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After returning from virtual learning due to the COVID-19 pandemic, youth had to relearn what making friends at school was all about. SWAG writers reflected on the difficulties, as well as ways they make friends.

Pamplin Media Group's Student Writers Advisory Group — better known as SWAG — is made up of representatives from Wilsonville, West Linn, Lake Oswego and Lakeridge high schools. Each month they come together to share their unique high school perspectives and write about various topics.

For their first assignment of the year, Khushi Rastogi and Annamika Konkola chose to write about friendships. Due to the COVID-19 pandemic, making friends has been a challenge and students at our local high schools have had to get creative to create social circles.

Rastogi and Konkola wrote columns that give perspective on making friends through extra-curricular activities during distance learning and the realities of starting anew in an unfamiliar city.

Any students who wish to join SWAG for the 2022-23 school year are invited to apply by contacting Mia Ryder-Marks at This email address is being protected from spambots. You need JavaScript enabled to view it.. To apply, simply email a writing sample (can be a class assignment), your name, school and grade level. Applicants are asked to attend monthly meetings after school (generally lasting about an hour) to discuss topics with other SWAG members and write monthly submissions ranging from 200-500 words.

SWAG pieces are published monthly in Wilsonville Spokesman, West Linn Tidings and Lake Oswego Review. — Mia Ryder-Marks

Pandemic underscored importance of in-person interactions

The Stanford Encyclopedia of Philosophy defines friendship as "a distinctively personal relationship that is grounded in a concern on the part of each friend for the welfare of the other." While I agree with this definition, to me there is so much more to a friend.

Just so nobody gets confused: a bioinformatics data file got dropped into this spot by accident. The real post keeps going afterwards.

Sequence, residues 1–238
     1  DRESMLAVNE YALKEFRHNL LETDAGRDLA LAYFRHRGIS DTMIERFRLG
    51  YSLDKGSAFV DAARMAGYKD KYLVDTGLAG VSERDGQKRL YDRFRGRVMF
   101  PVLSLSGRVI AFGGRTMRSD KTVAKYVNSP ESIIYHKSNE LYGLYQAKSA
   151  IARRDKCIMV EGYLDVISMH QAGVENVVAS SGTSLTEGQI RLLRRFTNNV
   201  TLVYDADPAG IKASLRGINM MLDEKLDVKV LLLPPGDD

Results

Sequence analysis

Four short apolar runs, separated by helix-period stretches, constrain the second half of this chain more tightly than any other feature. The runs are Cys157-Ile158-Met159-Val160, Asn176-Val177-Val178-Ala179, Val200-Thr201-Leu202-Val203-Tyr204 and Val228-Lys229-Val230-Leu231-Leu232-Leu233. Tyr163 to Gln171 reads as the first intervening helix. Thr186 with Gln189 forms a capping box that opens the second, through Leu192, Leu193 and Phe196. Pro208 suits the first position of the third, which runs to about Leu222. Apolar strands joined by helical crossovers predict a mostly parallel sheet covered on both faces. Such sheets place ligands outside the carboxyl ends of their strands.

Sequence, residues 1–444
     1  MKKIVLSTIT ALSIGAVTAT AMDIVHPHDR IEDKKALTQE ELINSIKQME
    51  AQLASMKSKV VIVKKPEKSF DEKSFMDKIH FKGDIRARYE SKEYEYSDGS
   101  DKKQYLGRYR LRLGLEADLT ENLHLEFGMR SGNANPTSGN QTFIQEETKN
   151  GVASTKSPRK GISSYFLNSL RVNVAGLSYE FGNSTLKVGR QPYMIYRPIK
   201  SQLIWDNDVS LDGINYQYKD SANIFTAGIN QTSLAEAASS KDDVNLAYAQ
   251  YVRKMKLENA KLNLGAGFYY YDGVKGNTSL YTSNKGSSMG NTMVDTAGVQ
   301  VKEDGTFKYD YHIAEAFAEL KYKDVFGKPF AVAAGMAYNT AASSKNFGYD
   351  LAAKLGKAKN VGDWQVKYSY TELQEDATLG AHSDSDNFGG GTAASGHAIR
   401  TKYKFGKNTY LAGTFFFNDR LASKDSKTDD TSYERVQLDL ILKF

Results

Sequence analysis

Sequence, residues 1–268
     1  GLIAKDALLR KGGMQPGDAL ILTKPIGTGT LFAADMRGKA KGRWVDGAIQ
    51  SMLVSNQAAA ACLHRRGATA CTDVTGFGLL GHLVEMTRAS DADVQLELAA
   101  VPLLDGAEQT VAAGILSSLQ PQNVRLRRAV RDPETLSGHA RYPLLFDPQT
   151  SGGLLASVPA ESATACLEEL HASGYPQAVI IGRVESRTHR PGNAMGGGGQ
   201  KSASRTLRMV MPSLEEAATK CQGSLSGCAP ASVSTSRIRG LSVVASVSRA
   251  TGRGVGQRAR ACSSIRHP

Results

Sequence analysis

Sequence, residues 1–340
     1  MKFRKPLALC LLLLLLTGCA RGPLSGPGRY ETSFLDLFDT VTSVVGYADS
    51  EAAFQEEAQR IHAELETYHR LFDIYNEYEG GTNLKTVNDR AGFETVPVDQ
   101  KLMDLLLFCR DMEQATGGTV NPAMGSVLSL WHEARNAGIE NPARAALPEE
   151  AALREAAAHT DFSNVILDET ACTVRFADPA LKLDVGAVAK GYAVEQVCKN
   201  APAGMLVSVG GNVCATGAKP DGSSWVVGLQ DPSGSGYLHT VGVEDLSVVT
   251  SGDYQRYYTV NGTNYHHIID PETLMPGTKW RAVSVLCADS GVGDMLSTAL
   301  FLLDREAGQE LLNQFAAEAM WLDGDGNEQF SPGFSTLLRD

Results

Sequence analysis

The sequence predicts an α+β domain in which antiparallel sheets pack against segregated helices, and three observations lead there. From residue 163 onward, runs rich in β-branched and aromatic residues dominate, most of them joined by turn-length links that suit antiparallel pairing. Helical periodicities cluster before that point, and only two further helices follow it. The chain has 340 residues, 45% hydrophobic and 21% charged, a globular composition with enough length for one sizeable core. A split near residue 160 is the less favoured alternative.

In school, I have mostly met friends through shared classes. Whether it was because of an akin love of the class or the people I was assigned to work with on projects, there was always some way to bond. As time passed, I found more in common with others in my group. Just like that, we had unknowingly started a friendship. While I met some of my closest friends in my courses, I had the greatest luck meeting people through clubs like science club and student unions, and other after-school activities. Clubs were different because we were there by choice. This meant we already had at least one thing in common with the other students in the club: an interest in the topic. COURTESY PHOTO: KHUSHI RASTOGI - Khushi wanted to become a student columnist as she understands how integral student voices., Lake Oswego Review - News Student Writers Advisory Group are tasked with writing a monthly column about issues impacting youth. Introducing our new student columnists

Walking through the halls of a school, no matter what grade you're in, the students always split into groups, sitting in the same place with the same people. As a middle schooler, I often thought this was strange. I was used to a small number of kids per grade and spending time with everyone. However, it was no longer like elementary school, where everybody in your grade was your friend. As I continued through middle school, however, I slowly realized how nice it must be to have a loyal group of friends you could trust and have by your side.

This idea of having a close group of friends was always a struggle for me and still is. I never knew what to say to people when approaching them, and I had an irrational fear of saying the wrong thing. I tended to stick with the same one or two friends, but this backfired on me as they started to branch out and make new friends while I was still scared to try. It always seemed so easy on TV or in books: One kid walks up to another, and bam. They became best friends for life. Naïve sixth grade-me believed that in a heartbeat. I was sure that it would be easy for me too. But suddenly things changed when school was pushed online for the next year and a half due to COVID-19.

The idea of online school was something nobody could fathom at first. It grew on us eventually — especially the lunch breaks that lasted several hours. With the minimal homework given to us, we had plenty of free time. There was also very little interaction with anyone else. Like many others, I wasn't very talkative in class, and we all know how much talking went on in breakout rooms. I stayed home in the company of no one but my family, which I was perfectly content with.